The Sorensen Monologues

Archive for July, 2024

Lowering the Temperature

I thought it was time for another appearance of the Flaming Conservative. But I need to start calling him something else because the word “conservative” no longer fits. Don’t call this movement authoritarian, though! Shortly after the assassination attempt, before evidence about the shooter’s identity was available, soon-to-be-named Vice Presidential candidate JD Vance stated, “The central premise of the Biden campaign is that President Donald Trump is an authoritarian fascist who must be stopped at all costs. That rhetoric led directly to President Trump’s attempted assassination.” This is one of the most preposterous and Orwellian arguments I have ever heard in my entire career as a political cartoonist. When you consider the January 6 insurrection and the long list of violent and threatening rhetoric from Trump and other Republican officials — too many to enumerate here — while Democratic leaders have not engaged in such tactics, blaming the Biden campaign is a ridiculous act of gaslighting.

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Podcast interview

I recently did a lengthy interview with Geoff Grogan’s Blockhead podcast, which focuses on comics creators. We talked about politics a lot! The interview was conducted on the weekend after the presidential debate and Supreme Court’s Chevron ruling. Apple podcast link is here.


A Second Revolution?

The day after the Supreme Court’s ghastly immunity ruling, Heritage Foundation president Kevin Roberts rejoiced in an interview on the pro-insurrectionist War Room podcast. (Host Steve Bannon was absent due to being sent to prison for defying a Congressional subpoena related to January 6.) “We ought to be really encouraged by what happened yesterday,” Roberts enthused. He proceeded to explain why a chief executive unfettered by pesky laws is great for the republic, then slid into the chilling quote about the maybe-bloodless second Revolution. The Heritage Foundation is the source of Project 2025, the radical blueprint for Trump’s second term. 

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Supreme Debacle

The Supreme Court ruling overturning the Chevron doctrine was largely overlooked in the wake of the debate, but possibly even more apocalyptic. In short, the Republican majority gutted the precedent that gave deference to scientists and other experts at setting regulations for pollution, safety, worker rights — i.e., basic functions of government. Everything now has to go through the courts, which are jam-packed with Trump appointees and other Federalist Society-backed corporate extremists. This Slate article provides a good overview. To quote Justice Kagan, who I attempted to draw in the first panel: “the majority today gives itself exclusive power over every open issue—no matter how expertise-driven or policy-laden—involving the meaning of regulatory law. As if it did not have enough on its plate, the majority turns itself into the country’s administrative czar.”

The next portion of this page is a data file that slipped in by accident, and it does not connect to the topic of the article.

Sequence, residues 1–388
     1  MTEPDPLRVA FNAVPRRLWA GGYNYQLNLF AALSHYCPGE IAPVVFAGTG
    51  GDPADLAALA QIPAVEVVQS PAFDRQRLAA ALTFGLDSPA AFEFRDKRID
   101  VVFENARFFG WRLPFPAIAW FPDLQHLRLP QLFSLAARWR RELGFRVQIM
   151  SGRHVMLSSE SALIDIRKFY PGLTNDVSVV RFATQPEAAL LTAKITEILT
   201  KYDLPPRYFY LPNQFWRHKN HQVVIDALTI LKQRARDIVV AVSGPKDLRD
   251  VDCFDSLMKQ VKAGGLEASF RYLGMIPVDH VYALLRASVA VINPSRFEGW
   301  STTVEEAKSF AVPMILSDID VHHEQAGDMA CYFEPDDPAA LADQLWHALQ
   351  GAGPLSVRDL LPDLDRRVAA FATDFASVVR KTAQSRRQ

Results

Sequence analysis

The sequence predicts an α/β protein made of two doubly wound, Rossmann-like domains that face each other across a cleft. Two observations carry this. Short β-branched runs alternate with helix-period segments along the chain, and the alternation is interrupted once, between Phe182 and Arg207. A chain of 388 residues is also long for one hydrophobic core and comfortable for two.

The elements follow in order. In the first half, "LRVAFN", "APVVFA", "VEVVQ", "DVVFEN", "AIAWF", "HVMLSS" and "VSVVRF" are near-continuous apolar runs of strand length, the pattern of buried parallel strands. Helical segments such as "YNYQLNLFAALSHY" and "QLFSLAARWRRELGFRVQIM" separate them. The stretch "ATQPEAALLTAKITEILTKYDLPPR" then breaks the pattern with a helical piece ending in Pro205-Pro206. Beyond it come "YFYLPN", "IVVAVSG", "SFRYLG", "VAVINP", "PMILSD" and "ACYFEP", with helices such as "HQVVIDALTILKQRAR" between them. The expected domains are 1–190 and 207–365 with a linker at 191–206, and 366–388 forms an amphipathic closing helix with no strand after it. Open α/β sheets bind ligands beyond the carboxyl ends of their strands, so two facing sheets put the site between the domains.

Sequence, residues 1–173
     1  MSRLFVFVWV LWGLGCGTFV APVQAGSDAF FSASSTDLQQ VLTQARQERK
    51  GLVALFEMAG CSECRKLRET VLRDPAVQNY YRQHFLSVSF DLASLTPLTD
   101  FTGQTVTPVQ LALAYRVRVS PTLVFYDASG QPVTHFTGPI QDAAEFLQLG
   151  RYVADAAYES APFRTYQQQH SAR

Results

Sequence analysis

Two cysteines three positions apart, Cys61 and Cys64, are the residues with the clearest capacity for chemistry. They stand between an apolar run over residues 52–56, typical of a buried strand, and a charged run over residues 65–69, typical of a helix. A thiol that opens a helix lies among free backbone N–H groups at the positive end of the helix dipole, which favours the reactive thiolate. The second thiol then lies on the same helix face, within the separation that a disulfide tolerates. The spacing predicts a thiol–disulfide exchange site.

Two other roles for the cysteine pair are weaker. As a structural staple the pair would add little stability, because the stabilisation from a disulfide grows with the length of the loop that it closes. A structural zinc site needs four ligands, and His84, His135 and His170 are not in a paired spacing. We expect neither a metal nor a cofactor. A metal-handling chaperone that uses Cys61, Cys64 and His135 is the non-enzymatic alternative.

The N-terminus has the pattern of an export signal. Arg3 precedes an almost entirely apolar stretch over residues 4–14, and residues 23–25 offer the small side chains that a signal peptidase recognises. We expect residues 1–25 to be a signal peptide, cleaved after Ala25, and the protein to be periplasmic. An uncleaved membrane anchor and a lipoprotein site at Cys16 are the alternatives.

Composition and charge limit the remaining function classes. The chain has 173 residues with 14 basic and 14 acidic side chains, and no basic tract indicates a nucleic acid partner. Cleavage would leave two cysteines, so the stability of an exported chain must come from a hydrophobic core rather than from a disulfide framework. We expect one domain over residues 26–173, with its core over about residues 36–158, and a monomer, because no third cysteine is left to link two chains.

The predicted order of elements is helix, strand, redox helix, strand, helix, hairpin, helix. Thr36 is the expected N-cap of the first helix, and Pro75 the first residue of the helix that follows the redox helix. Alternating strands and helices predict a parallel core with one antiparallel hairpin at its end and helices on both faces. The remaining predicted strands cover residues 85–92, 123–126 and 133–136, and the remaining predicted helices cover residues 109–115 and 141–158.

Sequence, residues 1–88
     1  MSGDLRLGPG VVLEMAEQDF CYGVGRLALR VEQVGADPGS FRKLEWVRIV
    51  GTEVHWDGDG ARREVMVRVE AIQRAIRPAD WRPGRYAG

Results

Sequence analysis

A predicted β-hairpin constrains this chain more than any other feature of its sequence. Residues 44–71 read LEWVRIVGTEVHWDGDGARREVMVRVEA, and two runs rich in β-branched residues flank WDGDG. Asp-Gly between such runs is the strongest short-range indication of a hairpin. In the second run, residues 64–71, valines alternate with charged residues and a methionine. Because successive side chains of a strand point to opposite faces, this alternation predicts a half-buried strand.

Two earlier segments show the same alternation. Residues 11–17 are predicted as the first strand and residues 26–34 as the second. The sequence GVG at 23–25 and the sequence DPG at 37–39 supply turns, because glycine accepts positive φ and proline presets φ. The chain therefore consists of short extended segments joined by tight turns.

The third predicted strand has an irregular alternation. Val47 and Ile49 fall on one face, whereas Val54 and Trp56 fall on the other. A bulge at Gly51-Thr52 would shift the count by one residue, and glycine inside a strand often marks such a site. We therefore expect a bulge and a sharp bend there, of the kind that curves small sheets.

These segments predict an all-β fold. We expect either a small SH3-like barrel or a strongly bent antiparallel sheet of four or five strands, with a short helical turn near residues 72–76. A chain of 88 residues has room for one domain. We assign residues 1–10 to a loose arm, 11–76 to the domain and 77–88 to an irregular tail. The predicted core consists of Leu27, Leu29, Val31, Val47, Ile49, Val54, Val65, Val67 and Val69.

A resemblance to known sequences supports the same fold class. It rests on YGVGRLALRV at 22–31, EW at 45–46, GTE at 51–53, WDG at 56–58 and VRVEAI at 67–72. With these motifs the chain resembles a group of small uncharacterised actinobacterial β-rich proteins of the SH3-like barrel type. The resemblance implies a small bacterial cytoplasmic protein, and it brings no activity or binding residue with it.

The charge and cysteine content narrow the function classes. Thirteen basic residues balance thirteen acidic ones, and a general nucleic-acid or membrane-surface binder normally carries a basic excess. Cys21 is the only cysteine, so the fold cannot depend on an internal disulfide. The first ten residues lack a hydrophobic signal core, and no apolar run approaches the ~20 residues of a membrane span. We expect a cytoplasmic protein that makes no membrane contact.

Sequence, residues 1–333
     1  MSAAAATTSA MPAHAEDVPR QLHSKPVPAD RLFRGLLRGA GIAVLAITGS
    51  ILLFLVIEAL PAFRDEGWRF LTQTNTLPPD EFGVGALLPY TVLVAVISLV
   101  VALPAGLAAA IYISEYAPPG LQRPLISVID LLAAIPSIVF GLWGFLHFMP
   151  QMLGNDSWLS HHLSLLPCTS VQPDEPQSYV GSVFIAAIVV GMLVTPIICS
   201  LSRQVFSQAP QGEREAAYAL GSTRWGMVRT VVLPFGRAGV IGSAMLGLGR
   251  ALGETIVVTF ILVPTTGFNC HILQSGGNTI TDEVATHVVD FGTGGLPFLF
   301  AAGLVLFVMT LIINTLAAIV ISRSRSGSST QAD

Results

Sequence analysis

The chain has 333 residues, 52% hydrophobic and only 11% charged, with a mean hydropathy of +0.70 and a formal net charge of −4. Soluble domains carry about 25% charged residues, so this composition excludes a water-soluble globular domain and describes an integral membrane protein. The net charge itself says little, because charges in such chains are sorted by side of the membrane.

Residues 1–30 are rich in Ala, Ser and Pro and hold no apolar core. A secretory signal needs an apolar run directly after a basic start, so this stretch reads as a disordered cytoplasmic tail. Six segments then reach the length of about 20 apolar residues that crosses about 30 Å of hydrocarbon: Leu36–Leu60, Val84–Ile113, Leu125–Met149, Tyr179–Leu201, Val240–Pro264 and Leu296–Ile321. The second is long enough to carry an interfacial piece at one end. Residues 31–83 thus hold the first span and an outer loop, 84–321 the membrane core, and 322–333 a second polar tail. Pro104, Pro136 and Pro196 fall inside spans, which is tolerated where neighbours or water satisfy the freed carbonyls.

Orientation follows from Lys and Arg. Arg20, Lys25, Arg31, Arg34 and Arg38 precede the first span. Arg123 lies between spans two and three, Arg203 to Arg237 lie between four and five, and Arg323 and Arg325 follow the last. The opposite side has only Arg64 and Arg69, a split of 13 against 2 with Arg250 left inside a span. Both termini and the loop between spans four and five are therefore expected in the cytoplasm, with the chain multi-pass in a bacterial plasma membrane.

We all breathe air and eat food, and I assume many of the justices have children that they don’t want poisoned. No one escapes the impact of these rulings. But it’s their reality now and we’re just living in it. 

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A Smaller Tent

In my experience, Dems do better when they at least acknowledge the concerns of different factions of the Big Tent. In 2004, during the height of Iraq war jingoism, they were at their milquetoast Republican-lite worst — and Kerry lost to Bush. This era was was formational to me as a cartoonist; it was a time when many were galvanized to build a more progressive party that reflected its own constituents. My growing concern with the Democratic party this election season isn’t coming from a place of “purity” per se, but fears that they are underestimating the risk of alienating voters they need to win — not fringe zealots, but people who care about the basic values of human rights, democracy, inclusivity, and intellectual honesty. Republican-lite pandering makes the party less able to deal with the pressing issues of our time: the Supreme Court, big money in politics, authoritarianism, and other crises that require the courage to speak frankly. Cede too much ground and you’ve lost moral clarity and moral authority.

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Jen Sorensen is a cartoonist for Daily Kos, The Nation, In These Times, Politico and other publications throughout the US. She received the 2023 Berryman Award for Editorial Cartooning from the National Press Foundation, and is a recipient of the 2014 Herblock Prize and a 2013 Robert F. Kennedy Journalism Award. She is also a Pulitzer Finalist.

 

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